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The drive towards electronic detonation

AEL blast

Results from a blast using
electronic detonation technology.

AEL Mining Services, a pioneer in the development and manufacture of electronic detonators, is together with its joint venture subsidiary DetNet focussing on specific innovations that can revolutionise mining.

“Intrinsic to the design of electronic detonators is the safety factor which minimises the risk of accidental initiation. It allows only people with encrypted codes to initiate the detonators,” Carlos Goncalves, product manager AEL Mining Services electronic initiating systems says.

“Today we are excited to announce three of the products, Quick Shot, DigiShot and DigiShot Plus, we are focussing on to showcase our innovations in electronic detonating technology.”

Electronic detonators provide benefits including accuracy of firing times, cost effectiveness, improved overall cycle times, reduction in environmental impact, fine tuned blasting to suit any operational requirement, increased productivity and the ability to reduce secondary breakage costs.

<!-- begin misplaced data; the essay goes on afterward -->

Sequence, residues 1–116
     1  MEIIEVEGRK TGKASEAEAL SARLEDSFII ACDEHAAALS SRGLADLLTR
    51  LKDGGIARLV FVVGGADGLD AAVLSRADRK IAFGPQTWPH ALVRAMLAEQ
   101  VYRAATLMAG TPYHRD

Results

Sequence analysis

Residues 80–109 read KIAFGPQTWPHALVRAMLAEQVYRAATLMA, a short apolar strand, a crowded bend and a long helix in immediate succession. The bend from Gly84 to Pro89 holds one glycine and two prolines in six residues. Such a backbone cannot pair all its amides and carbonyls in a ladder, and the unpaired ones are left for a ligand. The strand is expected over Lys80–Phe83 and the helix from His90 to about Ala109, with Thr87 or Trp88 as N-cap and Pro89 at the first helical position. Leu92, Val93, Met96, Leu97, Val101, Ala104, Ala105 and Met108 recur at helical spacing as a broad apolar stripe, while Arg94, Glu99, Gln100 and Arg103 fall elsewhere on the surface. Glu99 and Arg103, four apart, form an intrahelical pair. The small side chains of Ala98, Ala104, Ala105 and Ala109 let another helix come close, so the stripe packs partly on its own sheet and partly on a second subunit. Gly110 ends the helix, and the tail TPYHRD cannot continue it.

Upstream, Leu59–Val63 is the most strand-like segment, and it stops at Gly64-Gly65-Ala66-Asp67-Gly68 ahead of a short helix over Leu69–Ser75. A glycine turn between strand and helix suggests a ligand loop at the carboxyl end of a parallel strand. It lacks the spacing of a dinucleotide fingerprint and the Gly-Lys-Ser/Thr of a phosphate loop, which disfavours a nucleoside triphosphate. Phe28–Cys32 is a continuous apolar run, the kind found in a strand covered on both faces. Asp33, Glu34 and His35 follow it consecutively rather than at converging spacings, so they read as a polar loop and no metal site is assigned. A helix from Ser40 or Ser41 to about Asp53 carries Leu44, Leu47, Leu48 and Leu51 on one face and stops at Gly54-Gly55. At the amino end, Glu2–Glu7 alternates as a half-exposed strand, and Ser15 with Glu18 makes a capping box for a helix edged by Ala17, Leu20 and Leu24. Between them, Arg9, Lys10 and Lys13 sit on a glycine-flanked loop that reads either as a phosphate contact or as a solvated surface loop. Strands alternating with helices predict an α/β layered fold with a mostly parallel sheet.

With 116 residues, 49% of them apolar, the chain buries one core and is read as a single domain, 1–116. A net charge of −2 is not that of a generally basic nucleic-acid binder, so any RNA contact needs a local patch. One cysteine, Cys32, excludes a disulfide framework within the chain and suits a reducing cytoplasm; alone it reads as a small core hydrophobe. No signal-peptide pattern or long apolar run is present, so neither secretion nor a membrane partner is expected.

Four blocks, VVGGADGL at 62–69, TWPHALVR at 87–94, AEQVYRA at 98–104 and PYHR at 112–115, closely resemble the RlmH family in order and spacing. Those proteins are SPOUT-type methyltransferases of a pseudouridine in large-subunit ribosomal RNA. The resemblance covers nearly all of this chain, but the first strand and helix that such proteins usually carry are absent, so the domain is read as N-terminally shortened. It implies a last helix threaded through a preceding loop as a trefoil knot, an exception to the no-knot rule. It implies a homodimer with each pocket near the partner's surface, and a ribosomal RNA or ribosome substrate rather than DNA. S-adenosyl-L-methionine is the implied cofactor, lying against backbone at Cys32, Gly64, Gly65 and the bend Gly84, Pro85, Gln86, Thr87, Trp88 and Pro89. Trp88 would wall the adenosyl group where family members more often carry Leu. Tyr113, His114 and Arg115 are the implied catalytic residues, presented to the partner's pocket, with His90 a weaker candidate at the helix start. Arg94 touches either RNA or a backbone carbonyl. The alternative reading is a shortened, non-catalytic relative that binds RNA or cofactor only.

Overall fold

“Operations that have adopted electronic initiating systems report downstream and upstream benefits including improved and consistent fragmentation; controlled muckpile profile and placement; excavation profile and stability improvements; reduced mining costs and safety risks,” Goncalves says.

AEL has deployed electronic initiating systems in quarrying, tunnelling, underground mining, and surface mining applications. From 2007 to 2009, 15 km of the Gautrain rapid rail project’s underground tunnels were excavated under sensitive, built-up areas in Johannesburg. AEL’s QuickShot electronic detonator system was used to achieve maximum advance rates as well as adhere to environmental restrictions. Blasting was performed without incurring damage to sensitive structures on surface with positive prescriptive value (PPV) levels well under the target maximum of 10 mm/s.

Other examples of operations that have adopted electronic delay detonators are Ngezi open pit mine in Zimbabwe and Coedmore quarry in KwaZulu Natal. Ngezi, the first mine to use electronic detonators in Zimbabwe, wanted to optimise the mining processing value chain while Coedmore quarry had to ensure that the environmental impact was reduced resulting in its operation’s continuing production.